5. PLEASE DO NOT MOVE THE MILITARY RECORDS from DC to St. Louis. The military records are an important resource for geneaologists, and it’s easier and more cost efficient to researchers to have access to as many documents in one central location as possible. For the many visitors that come to DC to visit the Nation’s Capital, visiting the Archives to do research during the limited time they are here is a highlight for their trip. Many researches (within the US) are aware that you can find much needed information by visiting the Archives here. The current economic conditions of the the US, and for US citizen in general, is that it takes money to continue to do research. Researchers near and far look forward to doing research in DC, given that that there are many other interesting museuems and events that can be planned during that visit It would be a devastating decision for those researchers with limited resources to be forced to go to St. Louis to research mililtary records. I have been doing geneaology research for over 15 years and I started my research at the National Archives, and have had to access military records. Due to the significant increase in technology, and a great deal of information can be found online, there is a genuine connection when you find your information at the National Archives. Please consider what effect your moving the military records to St. Louis will have on researchers throughout the United States, and specifically in the Washington, DC area.

  6. I’m all for the move of the military documents (pensions) to St. Louis. St. Louis is more accessible to more people, since it is located in the heart of the U.S. And since the military documents are highly used by family historians and genealogy researchers, it makes sense to get them out of the high-cost DC area and make them more accessible in a lower-cost are of the U.S. I’m all for it!! Please consider the move!

  7. Please leave the pension records in DC.
    Many visitors come here to view the records and the DAR library. Also they will then be more accessible to the general public and genealogists who are hired by other people.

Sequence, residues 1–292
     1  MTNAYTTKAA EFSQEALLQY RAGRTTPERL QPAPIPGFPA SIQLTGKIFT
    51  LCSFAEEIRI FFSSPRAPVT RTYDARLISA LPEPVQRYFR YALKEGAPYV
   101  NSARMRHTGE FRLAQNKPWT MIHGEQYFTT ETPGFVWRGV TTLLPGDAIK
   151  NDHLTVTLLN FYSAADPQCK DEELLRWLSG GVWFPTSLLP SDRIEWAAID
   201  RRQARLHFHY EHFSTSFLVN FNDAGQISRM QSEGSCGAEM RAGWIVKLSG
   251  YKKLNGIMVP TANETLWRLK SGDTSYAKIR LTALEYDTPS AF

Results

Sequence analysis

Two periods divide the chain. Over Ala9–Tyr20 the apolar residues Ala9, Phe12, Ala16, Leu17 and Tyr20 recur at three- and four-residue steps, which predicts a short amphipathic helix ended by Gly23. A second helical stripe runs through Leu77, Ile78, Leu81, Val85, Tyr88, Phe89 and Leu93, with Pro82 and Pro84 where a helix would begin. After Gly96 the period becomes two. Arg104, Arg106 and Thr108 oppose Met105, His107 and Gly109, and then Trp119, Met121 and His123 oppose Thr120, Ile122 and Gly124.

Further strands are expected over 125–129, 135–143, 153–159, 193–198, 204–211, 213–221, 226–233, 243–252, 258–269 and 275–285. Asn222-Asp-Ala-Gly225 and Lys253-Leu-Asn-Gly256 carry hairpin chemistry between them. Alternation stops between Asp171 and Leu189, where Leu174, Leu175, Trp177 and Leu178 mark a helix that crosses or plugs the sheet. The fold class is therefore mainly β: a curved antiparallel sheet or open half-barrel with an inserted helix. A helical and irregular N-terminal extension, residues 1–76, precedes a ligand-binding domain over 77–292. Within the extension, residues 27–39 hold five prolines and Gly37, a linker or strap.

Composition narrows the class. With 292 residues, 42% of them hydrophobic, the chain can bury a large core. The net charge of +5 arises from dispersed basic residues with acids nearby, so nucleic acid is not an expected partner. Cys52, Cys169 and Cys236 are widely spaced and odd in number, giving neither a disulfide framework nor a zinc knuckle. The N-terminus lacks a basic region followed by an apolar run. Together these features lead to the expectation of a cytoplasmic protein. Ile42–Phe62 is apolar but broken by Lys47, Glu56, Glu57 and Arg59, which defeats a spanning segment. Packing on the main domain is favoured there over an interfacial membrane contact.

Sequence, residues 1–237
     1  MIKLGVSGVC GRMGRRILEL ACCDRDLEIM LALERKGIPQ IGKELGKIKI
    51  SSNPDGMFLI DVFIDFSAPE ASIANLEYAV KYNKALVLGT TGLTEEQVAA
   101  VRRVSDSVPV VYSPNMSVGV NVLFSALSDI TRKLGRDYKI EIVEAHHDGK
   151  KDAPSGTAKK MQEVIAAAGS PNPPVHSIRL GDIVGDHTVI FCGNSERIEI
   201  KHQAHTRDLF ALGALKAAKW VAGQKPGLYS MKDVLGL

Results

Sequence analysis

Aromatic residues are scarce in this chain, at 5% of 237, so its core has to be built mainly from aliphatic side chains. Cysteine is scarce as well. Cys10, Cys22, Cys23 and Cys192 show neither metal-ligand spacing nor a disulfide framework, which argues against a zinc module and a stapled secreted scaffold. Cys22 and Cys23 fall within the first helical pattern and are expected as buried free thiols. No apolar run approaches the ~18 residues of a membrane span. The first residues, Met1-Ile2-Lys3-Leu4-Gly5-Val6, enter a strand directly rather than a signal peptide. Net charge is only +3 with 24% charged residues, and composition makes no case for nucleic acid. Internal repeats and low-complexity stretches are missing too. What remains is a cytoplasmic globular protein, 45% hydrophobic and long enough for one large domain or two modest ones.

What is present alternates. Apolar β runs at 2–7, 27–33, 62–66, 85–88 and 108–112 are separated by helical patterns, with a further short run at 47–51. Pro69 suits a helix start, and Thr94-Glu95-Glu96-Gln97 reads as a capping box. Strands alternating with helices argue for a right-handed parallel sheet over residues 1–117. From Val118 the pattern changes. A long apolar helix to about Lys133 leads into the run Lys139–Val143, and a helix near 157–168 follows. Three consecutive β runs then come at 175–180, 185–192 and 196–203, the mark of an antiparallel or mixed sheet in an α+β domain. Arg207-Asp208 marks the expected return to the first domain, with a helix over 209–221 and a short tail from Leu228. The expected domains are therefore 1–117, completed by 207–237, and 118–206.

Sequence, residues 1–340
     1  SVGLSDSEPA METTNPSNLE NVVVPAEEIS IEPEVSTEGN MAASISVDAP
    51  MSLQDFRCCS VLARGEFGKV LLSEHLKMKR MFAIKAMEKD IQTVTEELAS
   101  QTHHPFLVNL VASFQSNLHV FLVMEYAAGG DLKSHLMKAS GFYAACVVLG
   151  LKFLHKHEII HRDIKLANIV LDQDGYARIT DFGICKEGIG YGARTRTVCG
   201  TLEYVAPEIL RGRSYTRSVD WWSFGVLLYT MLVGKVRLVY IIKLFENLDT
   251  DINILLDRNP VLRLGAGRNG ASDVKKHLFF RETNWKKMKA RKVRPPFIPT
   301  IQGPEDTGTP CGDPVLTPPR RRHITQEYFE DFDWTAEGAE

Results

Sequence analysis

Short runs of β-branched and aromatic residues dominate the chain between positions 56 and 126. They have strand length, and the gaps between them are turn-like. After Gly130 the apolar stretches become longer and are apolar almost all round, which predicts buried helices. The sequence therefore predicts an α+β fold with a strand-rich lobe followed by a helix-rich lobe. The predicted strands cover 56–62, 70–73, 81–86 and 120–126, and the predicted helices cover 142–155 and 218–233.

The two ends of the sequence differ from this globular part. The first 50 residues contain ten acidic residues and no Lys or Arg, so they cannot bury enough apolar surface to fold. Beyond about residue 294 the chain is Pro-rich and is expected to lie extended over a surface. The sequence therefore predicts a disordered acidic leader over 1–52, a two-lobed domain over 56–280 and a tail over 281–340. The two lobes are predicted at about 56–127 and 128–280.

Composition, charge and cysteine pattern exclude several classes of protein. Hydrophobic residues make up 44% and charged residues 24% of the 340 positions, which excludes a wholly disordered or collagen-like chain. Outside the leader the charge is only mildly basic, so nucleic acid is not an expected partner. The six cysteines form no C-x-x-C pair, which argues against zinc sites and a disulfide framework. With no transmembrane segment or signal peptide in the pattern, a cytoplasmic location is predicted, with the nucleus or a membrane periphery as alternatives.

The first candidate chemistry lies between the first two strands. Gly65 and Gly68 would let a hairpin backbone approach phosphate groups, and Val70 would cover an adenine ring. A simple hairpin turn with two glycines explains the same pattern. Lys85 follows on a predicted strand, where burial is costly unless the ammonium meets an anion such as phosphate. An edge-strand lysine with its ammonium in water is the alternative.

All you have to do is look at the crowd who use the records.

  8. Please do not relocate the military records to St. Louis. Washington, DC is a great location for people visiting the nation’s capital to also include a visit to the ARchives for this type of historical information. Not to mention the proximity of Washington, DC, vice St. Louis, for those studying the founding of the nation along the east coast of the USA.

  9. Please, please, please don’t move the military records away from Archives I. The military and pension records are the main (if not only) reason that I go to Archives I. If the military and/or the pension records are moved away from DC, then I won’t have much reason to use Archives I anymore. I rely on being able to examine those records downtown!!! Please don’t move them!!!

  10. I hope the pension files stay together — all in one location — please don’t ever split them up. And, PLEASE locate all the missing XC Civil War pension files (supposedly “in the custody of the Veterans Administration”) and add them to the NARA collection of military pension records. I have requested many searches for an ancestor’s XC Civil War pension file over a 24-year period. It still has not been located!

  11. I strongly favor keeping the military records in Washington DC–for the reasons already mentioned. Moving them will reduce the number of researchers visiting the NARA facility for on-site work.